Adam and Elizabeth’s Full-Size 39-Foot Skoolie


Deliberate Life Bus a skoolie bus conversion on a dirt road

Exterior of Deliberate Life Bus with their awesome roof raise. Via @deliberatelifebus.

Buses over 35 feet qualify as full-size, and Adam and Elizabeth’s 39-footer is a beautiful example. They built in bunks for their two young daughters and raised the roof of their bus by 13 inches!

Raising a skoolie roof is a labor-intensive process that requires knowledge of welding, but the results are amazing. Their 7’ 8” ceilings soar, making the space feel much bigger than it is, and it means they have a shower with the spigot actually above head height – something that’s not possible without a roof raise unless you are very petite.

DLB living room

Such a cozy living area with the tiny wood fireplace. Via @deliberatelifebus.

They paid $6,000 for their bus and put another $21,000 into the conversion, so their total cost was $27,000. They also have a follow car and a motorbike. Their relatively huge living space means they had room for a full kitchen with full-size appliances, a shower, and a massive living space with couches along both sides of the bus.

Full-size buses are perfect for one or two people who need extra space for working or storage, or for families. I have seen families of seven living in full-size buses! Of course, these behemoths are the least maneuverable of the skoolie family, so finding parking places can be a challenge.

Why Did We Choose a Skoolie Over Other Options?

My boyfriend Aaron and I chose to go with a bus as opposed to the other options (van, manufactured RV, etc.) for a few specific reasons:

  • Price – Buying a used school bus is surprisingly cheap. Short buses like ours tend to sell for around $3,000-$6,000 while larger buses (which are often much older) sell for as low as $1,500. Used vans, on the other hand, are often in the neighborhood of $20,000 or higher, especially for Mercedes Sprinter vans. Manufactured RVs are also quite expensive, even previously owned vehicles. A skoolie was the best choice for us based on our budget.
  • Size – We absolutely wanted to be able to stand up and move around in our rolling home. Unless we had opted for a high roof van, Aaron and I would not have fit standing inside a van (I am 5’ 8” and standard Sprinter van interior height is just a hair under 5’ 8”, not accounting for flooring and ceiling material). The bus also allowed us to have a fixed bed platform and a bathroom, which were important to us since we live in the bus full-time.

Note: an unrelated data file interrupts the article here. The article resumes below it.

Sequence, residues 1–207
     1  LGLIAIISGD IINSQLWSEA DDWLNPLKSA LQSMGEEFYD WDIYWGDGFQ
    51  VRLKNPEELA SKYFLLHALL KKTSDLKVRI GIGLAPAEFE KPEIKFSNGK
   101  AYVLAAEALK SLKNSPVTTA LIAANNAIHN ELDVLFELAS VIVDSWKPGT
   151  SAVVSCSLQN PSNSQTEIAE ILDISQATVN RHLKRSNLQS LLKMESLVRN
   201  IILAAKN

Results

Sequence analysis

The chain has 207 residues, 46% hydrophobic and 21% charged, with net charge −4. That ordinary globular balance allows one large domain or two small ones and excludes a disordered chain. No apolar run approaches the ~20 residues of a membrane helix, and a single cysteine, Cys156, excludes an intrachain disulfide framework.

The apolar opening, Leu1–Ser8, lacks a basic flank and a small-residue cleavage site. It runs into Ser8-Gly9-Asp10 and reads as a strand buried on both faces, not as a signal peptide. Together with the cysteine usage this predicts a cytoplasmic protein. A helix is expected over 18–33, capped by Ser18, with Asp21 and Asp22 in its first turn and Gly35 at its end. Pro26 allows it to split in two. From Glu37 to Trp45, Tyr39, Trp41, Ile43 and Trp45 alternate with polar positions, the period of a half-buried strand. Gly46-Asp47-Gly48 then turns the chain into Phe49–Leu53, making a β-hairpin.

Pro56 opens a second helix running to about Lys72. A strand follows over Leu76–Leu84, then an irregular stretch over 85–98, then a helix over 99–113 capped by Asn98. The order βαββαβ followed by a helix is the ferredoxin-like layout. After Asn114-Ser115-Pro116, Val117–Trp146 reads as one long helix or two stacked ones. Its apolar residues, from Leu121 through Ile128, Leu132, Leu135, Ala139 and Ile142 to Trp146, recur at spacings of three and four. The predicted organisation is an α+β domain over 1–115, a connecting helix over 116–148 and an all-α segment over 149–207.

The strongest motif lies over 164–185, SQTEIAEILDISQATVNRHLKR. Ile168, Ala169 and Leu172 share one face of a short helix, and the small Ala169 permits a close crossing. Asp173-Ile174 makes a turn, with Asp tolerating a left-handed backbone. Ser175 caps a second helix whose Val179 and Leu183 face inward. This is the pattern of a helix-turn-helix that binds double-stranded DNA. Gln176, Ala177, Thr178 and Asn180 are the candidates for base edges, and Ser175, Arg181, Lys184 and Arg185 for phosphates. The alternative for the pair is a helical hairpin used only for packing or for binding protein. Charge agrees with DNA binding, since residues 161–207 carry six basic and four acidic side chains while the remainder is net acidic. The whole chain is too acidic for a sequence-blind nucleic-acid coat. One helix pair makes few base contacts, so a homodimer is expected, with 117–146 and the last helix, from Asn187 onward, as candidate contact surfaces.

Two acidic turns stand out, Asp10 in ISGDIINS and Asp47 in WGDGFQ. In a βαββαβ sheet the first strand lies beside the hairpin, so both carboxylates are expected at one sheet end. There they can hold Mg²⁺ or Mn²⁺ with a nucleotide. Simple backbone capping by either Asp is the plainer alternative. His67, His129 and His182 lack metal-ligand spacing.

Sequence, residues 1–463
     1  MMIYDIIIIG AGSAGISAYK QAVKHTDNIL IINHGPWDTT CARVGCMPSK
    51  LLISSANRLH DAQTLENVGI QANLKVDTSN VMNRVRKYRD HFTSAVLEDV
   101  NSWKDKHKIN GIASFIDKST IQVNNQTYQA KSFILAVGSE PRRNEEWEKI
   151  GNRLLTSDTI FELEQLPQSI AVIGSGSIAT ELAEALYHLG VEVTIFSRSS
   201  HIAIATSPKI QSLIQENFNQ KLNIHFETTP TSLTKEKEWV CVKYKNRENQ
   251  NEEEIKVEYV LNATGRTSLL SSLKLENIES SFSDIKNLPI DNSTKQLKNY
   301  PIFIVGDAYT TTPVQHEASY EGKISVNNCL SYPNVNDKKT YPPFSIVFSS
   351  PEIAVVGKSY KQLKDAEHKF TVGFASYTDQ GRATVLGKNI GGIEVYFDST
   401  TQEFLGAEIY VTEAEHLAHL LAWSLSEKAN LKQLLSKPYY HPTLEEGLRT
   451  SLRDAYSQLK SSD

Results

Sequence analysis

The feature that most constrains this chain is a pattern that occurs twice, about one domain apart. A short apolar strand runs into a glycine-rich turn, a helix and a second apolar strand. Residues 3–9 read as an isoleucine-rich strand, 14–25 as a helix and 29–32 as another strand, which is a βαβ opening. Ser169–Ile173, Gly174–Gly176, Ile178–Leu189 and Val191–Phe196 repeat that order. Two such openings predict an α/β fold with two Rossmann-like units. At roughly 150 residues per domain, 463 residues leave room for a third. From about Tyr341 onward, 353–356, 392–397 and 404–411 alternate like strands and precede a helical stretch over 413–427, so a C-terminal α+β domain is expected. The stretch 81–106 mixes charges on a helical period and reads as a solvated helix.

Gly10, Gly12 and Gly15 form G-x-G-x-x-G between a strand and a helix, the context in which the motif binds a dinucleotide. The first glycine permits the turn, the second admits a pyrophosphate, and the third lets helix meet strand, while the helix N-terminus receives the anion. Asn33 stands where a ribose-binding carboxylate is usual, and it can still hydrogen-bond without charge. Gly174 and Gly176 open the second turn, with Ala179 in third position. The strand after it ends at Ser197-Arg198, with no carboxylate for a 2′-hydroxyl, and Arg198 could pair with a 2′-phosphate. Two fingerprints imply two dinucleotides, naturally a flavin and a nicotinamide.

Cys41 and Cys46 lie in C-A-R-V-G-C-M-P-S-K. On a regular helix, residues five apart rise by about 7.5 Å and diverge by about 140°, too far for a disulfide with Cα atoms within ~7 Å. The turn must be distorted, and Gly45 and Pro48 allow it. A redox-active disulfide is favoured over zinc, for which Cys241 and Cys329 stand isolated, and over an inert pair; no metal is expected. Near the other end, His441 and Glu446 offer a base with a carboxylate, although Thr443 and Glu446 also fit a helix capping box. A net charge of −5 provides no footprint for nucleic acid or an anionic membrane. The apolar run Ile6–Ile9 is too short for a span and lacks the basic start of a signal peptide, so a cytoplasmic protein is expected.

• Longevity/Durability – Diesel engines have a reputation of lasting quite a long time with proper care, and many vans and small RVs are gas engines, whereas our skoolie has a 6.0L diesel. Buses also have important safety features like steel roll bars and bump rails since they are designed to keep kids safe. If, god forbid, we were to get into an accident, our steel-framed bus would fare infinitely better than a flimsy aluminum manufactured RV.
  • Off-Grid Capability – We designed our skoolie to be fully off-grid, and if we are frugal with our water we can boondock (camp with no hookups) for a week and a half. We mounted solar panels on the roof which power our fridge, water pump, and inverter so we can charge our devices. We included a Nature’s Head composting toilet so we don’t have a black water tank, meaning we don’t ever have to go to (often expensive) dump stations. Our kitchen is composed of a propane-powered camp stove. Manufactured RVs can often only go off-grid for a day or two at most unless they have been specially modified. 
  • Blank Canvas – Once we gutted our bus, we had a blank canvas that allowed us to design our skoolie to our exact specifications. It has everything we need and nothing that we don’t. Purchasing a manufactured RV would have meant that we were pretty much stuck with the features that were built in.

Can I Buy a Finished Skoolie?

Yes! Converting a skoolie on your own is a monumental amount of work, and depending on where you live and your travel plans, it might not be feasible for you to build your own skoolie. Fortunately, there are always already-converted skoolies for sale, and there are companies out there who will do all the work for you.

How To Find a Finished Skoolie For Sale

Circumstances change, so there are always people selling their skoolies as they transition their lives. There are several websites with completed skoolie classifieds and for-sale postings. Listed below are some good places to start looking. Remember, there are new buses posted every day so check these pages frequently to find exactly what you are looking for.

Skoolie Conversion Companies